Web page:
With the introduction of ¢2 coin in Ghana currency mix in the last few years, it would be of little or no surprise to see ¢5 and ¢10 denominations also in coins in the future.
Despite being legal tender, many Ghanaians are generally unenthused in handling coins as a medium of exchange.
Nonetheless, people are always caught between retrieving and giving up when they drop coins in darns.
How people feel in such situations can vary from one individual to the other.
For those who would feel about it, sometimes there is little or nothing they can do, especially, when the drain is covered in grate.
For a cobbler in Kumasi, however, the challenge is surmountable and every coin in a drain is retrievable.
Thirty-five year old Kwame Mintah has developed his own device for doing that.
The road leading to Komfo Anokye Teaching Hospital from the Centre for National Culture is a very busy one.
Just at the back of the Doctors Flat, he moves to and fro along covered drains.
He lowers a string strapped with round magnet into the grates in search of coins.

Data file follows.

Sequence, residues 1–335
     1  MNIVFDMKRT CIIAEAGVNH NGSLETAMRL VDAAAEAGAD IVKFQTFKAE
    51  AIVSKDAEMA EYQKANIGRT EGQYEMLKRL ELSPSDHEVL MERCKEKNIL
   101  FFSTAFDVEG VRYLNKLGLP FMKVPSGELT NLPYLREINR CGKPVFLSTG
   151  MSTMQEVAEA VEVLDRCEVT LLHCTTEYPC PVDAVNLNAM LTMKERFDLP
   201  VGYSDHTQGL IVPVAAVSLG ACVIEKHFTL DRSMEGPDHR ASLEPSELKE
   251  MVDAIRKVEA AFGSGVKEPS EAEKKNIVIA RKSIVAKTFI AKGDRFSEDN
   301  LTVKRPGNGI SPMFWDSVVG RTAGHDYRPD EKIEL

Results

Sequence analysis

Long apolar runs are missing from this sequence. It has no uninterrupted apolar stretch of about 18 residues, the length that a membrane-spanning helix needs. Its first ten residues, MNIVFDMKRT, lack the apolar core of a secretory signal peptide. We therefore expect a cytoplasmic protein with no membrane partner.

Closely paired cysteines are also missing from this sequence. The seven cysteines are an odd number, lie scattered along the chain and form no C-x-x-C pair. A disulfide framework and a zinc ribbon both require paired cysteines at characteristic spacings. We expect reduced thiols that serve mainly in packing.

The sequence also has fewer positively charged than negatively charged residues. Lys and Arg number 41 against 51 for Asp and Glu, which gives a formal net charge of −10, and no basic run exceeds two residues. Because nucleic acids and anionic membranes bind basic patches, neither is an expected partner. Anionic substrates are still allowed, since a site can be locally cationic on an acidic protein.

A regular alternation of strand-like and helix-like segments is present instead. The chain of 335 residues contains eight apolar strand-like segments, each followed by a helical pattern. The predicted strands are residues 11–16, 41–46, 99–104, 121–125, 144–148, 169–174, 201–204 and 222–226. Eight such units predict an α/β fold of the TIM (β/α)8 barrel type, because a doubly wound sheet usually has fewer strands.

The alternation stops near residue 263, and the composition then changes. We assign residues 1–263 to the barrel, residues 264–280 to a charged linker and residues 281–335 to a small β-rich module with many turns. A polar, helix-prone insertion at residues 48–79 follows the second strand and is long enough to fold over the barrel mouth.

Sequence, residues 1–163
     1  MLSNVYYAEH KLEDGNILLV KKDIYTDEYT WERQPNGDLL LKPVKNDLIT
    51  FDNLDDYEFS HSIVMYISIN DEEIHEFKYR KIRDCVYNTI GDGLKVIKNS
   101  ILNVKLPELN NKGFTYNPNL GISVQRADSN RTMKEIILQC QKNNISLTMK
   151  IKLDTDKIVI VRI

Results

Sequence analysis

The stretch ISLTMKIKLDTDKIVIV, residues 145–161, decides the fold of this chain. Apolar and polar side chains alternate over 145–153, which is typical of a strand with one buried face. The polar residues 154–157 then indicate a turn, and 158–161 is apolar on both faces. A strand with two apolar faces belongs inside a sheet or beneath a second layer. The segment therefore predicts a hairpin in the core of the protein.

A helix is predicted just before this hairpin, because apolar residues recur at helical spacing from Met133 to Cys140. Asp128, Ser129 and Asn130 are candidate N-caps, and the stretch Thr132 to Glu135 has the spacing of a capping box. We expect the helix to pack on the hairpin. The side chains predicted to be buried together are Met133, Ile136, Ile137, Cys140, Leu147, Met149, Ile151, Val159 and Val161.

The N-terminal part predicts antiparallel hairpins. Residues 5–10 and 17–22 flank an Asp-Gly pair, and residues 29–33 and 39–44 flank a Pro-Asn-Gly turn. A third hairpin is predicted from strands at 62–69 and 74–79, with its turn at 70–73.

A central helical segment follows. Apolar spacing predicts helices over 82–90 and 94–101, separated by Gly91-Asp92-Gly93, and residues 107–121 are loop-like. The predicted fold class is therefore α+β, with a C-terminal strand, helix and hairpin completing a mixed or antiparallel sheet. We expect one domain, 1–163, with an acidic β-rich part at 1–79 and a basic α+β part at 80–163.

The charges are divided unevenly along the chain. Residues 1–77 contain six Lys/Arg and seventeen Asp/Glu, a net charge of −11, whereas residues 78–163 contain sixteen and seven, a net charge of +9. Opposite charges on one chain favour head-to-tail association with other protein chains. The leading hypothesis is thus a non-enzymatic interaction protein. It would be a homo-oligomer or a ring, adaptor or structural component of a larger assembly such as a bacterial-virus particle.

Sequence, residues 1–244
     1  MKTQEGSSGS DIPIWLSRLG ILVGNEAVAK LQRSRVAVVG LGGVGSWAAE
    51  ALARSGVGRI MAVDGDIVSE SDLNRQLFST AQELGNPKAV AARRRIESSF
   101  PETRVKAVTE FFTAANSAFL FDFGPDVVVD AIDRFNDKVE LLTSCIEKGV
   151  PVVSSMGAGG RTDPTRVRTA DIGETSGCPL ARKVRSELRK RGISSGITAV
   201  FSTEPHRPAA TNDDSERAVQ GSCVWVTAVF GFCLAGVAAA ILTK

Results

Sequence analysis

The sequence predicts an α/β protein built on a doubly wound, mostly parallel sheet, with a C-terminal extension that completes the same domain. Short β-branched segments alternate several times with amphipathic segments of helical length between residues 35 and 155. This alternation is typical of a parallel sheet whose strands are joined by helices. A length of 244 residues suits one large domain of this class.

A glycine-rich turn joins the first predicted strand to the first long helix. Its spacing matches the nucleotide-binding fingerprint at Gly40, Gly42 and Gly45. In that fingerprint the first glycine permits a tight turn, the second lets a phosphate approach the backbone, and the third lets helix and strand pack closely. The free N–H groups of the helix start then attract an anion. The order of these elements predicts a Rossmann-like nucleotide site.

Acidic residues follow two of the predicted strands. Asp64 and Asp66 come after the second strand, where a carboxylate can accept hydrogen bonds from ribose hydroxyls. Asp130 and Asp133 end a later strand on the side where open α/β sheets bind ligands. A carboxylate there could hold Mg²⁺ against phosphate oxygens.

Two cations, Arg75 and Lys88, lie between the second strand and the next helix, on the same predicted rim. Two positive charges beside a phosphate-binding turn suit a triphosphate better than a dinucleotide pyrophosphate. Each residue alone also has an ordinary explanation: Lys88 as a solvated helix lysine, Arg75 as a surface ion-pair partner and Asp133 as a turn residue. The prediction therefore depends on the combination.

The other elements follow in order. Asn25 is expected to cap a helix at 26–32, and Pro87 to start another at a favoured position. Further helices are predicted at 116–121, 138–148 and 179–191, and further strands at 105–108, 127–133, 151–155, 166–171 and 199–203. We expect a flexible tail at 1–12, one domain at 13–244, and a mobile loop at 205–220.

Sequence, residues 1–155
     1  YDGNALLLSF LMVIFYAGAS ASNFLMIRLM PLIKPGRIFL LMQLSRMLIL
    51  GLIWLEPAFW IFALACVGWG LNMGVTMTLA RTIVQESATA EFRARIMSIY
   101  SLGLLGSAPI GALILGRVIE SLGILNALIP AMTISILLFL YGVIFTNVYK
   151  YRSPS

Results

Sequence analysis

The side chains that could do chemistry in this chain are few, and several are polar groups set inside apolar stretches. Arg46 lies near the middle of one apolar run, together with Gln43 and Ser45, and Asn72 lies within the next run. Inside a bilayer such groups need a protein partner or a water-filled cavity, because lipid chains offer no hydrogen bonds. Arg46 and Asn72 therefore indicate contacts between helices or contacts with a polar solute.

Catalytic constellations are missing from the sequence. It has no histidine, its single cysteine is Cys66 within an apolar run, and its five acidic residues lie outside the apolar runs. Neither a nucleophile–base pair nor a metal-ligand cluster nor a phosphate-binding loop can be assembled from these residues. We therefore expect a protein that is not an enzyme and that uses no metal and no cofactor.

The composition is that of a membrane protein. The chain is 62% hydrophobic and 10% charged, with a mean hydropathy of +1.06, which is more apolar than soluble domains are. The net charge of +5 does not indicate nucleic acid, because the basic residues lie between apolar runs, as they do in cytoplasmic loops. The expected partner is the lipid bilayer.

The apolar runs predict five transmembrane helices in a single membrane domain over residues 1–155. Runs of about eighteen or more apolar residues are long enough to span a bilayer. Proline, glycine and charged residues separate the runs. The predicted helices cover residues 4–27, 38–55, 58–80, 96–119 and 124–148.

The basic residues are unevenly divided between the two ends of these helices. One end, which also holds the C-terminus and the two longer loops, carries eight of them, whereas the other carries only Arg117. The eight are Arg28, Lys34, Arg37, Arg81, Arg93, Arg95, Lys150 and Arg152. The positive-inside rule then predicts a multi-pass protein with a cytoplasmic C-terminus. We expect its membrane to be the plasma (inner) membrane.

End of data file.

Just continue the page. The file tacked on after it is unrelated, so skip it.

His ingenuity begun a month ago, when he couldn’t pick his own coin after it rolled into the drain through the grates. The next day, he’d come with a solution.
“I had the idea when my coin in the gutter,” he said.
Mintah got his strings for the tool from a lorry tire, a discarded tooth brush as handle and the magnet from a dysfunctional wireless speaker.
Since that successful attempt, he’s managed to pick several coins, using his innovation.
Only that today, he couldn’t get much.
“Today, I got only 20 pesewas,” he said.
His string is about 6 feet long, so a big drain wouldn’t even be a problem.
Don’t ask whether he’ll be polishing his innovation; he says, for now, he is polishing shoes.